In and around the beginning of 2000 and till about 2007, if you wanted to develop an e-learning course you required some programming skills as developing e-learning was akin to writing web pages. You had to write codes for HTML, Java Scripts and you had to rely on Flash to create the interactive objects. You were also required to have a working knowledge of SCORM standards to package your course and host on an LMS.
Playing these courses on browsers which supported flash player plug in was a breeze then. However, over the last few years, technology has changed towards mobile first approach and the entire e-learning community has been adopting this trend albeit little slowly. Mobile learning requires the content to be optimized for these mobile devices and flash is not supported by most of the mobile browsers and OS. That’s when HTML5 evolved as the savior, a technology which could support learning across devices.
What is HTML5?
HTML, the abbreviation for Hyper Text Markup Language, is the popular markup language used to create web pages. Developers are using HTML since 1990s however with the change in technology HTML has been constantly advancing to meet the current requirements. HTML standards are maintained by World Wide Web Consortium (W3C).
HTML5 is the fifth and the latest version of HTML standards and was initially released in October 2014. Some of the functional features of HTML5 are:
• Semantics: allowing to describe more precisely what your content is.
• Connectivity: allowing you to communicate with the server in new and innovative ways.
• Offline and storage: allowing web pages to store data on the client-side locally and operate offline more efficiently.
• Multimedia: Supports several video and audio formats.
• 2D/3D graphics and effects: Supports both 2d and 3d graphics (static as well as motion) through WebGL and SVG.
• Performance and integration: providing greater speed optimization and better usage of computer hardware.
• Device access: allowing for the usage of various input and output devices.
• Styling: letting authors write more sophisticated themes through CSS3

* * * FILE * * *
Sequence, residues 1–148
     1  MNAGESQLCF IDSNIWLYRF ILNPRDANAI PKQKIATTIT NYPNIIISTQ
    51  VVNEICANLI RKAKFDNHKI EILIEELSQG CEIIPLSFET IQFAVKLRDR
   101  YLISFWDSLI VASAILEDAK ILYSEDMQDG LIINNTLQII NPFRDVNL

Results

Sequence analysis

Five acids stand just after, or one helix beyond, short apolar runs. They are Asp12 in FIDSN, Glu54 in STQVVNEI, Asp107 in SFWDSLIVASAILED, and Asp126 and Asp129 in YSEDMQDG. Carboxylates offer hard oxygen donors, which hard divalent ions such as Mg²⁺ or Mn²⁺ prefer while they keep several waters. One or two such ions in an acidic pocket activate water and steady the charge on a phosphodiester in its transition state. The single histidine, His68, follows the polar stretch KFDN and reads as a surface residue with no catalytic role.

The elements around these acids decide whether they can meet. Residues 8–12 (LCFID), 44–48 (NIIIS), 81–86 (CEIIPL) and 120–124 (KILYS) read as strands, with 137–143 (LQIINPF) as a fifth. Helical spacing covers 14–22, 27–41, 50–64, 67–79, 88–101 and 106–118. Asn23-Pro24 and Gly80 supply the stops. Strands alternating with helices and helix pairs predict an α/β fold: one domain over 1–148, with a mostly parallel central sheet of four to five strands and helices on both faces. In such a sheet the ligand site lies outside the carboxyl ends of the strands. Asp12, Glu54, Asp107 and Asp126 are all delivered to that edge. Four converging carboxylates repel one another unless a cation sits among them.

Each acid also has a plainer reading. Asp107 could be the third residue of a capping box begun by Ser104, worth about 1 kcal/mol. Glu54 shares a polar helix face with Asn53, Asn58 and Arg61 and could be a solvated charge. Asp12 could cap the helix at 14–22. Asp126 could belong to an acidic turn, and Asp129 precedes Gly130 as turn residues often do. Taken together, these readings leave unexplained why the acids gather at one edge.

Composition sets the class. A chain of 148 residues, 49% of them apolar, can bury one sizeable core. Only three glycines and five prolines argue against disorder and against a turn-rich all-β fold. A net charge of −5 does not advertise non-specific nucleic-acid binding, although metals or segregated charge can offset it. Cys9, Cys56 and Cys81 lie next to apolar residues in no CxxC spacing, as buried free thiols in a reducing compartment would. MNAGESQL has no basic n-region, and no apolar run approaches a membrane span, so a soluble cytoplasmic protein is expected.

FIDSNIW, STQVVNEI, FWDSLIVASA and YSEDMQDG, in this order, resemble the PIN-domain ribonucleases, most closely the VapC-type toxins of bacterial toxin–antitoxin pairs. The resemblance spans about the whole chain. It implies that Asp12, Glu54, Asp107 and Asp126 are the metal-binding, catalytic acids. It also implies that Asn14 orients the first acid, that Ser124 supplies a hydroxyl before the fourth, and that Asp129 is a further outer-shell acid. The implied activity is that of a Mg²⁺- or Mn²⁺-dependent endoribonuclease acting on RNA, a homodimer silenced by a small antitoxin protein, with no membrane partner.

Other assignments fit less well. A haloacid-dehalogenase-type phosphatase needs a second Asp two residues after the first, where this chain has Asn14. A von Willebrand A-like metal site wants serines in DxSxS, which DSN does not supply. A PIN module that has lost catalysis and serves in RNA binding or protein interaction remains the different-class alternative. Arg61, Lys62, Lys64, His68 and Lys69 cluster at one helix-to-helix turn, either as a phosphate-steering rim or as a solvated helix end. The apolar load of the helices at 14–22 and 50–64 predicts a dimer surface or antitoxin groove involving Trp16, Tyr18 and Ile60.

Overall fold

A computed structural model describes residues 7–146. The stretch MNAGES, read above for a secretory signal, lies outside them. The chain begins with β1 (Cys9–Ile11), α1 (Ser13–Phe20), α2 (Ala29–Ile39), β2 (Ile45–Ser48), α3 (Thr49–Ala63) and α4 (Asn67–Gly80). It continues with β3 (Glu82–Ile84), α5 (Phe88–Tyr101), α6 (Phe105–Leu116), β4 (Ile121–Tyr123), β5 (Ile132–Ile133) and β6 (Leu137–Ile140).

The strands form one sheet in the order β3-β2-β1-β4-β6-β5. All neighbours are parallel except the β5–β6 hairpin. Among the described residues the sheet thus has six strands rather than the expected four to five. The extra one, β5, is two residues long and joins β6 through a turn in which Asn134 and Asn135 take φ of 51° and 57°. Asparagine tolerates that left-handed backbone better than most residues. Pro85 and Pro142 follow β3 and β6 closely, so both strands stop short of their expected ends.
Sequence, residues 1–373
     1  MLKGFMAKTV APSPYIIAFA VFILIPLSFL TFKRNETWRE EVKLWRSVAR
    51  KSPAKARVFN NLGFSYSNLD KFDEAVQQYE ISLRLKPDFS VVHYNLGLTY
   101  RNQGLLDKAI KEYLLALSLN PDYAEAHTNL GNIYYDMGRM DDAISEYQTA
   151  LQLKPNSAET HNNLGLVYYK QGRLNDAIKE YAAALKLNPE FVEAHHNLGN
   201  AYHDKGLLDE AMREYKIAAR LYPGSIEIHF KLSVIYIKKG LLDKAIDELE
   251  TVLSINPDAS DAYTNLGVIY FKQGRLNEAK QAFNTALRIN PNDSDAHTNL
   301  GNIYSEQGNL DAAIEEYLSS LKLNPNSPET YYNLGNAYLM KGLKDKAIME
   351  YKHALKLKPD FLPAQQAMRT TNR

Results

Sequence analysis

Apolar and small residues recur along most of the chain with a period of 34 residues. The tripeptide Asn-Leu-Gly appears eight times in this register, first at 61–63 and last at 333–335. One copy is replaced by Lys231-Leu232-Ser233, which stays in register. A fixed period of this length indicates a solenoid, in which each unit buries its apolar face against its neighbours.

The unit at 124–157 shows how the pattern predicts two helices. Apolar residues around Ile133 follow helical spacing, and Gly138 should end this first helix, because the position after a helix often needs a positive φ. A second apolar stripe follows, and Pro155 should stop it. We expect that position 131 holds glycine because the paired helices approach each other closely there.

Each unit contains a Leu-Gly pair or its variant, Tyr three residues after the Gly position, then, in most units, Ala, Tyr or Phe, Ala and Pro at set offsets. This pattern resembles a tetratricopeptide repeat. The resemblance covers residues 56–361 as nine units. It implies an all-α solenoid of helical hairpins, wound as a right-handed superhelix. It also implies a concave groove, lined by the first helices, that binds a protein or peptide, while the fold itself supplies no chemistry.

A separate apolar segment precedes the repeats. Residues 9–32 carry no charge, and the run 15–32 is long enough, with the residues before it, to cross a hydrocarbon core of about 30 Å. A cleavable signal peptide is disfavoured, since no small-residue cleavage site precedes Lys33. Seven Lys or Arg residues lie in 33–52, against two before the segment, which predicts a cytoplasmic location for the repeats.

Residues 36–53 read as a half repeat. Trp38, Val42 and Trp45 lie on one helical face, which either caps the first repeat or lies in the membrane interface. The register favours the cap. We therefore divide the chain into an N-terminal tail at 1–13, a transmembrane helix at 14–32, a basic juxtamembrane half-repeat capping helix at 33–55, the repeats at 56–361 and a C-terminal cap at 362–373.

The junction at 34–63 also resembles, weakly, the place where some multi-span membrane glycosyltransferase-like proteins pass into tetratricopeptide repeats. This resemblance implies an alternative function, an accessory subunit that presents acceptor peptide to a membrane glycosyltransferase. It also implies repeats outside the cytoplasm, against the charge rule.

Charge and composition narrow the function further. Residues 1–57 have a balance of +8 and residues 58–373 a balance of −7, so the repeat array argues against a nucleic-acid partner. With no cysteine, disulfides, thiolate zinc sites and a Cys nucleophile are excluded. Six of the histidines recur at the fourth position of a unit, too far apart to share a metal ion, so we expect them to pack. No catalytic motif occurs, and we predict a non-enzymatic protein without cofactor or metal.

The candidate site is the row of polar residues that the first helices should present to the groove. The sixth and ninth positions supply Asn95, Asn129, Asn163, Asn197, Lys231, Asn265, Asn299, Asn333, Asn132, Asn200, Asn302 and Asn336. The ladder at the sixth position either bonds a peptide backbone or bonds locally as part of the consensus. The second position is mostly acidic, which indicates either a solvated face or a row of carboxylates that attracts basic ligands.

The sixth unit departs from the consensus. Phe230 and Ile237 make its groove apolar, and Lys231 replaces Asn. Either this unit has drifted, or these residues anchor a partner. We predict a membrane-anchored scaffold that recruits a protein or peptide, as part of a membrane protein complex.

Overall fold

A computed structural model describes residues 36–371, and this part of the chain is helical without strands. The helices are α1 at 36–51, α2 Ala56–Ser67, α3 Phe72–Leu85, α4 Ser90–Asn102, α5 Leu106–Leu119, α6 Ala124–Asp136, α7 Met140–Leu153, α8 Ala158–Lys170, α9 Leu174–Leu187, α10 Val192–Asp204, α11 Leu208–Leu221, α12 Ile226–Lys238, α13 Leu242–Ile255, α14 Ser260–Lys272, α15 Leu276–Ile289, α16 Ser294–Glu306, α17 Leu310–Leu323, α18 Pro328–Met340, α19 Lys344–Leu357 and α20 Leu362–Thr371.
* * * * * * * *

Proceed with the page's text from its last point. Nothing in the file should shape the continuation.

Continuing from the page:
If you carefully look at the functional features of HTML5, you will understand and appreciate why HTML5 is becoming a darling of the web and e-learning industry.
Now let’s understand the role of HTML 5 in e-learning :
• Enhances Accessibility
The biggest advantage of HTML5 is that it supports multiple browsers :
• Google Chrome
• Apple Safari
• Internet Explorer
This becomes quintessential in e-learning as various learners will be using multiple devices and browsers to access the learning content.
By creating a HTML5 e-learning course, you can give the power of accessibility to the learner. The learners can play the course in multiple devices be it a desktop, laptop, tablet and mobile as well and even play the modules both in online and offline modes. It gives the flexibility to the learner to learn at his own convenience.
• Supports multimedia contents
Earlier while playing the multimedia elements in the e-learning course, if the learners didn’t have the appropriate plugin with them, then a black box used to appear and the user was required to download specific plugin (mostly a flash plug in) in order to play it. With the help of HTML5, you can include various multimedia elements such as audio and video and external links, white papers and ebooks as well thus eliminating the need of adding additional plugins and making the learning a smooth process.
• Game Development
Game based learning and gamified e-learning are two of the most trending strategies in e-learning. HTML5 supports game development using HTML5’s tags. HTML5 provides a great, mobile friendly way to develop fun and interactive games quite similar to the flash games developed using AS3.
• Better interactivity
As e-learning course developers we always desire to build great interactivity in our courses to engage our learners. Canvas, the drawing HTML5 tag allows you to do most (if not more) interactive and animated possibilities almost like Flash.
Beyond canvas, HTML5 has some great APIs that allow you to build a better user experience and a beefier, more dynamic e-learning — here’s a quick list of native APIs:
Drag and Drop (DnD)
Offline storage database
Browser history management
Timed media playback
- Multiple authoring tools are now giving HTML5 output
HTML5 is the future of web development and e-learning so the sooner, we get with it and start using it bit by bit in our e-learning course development, the faster we will be able to master it.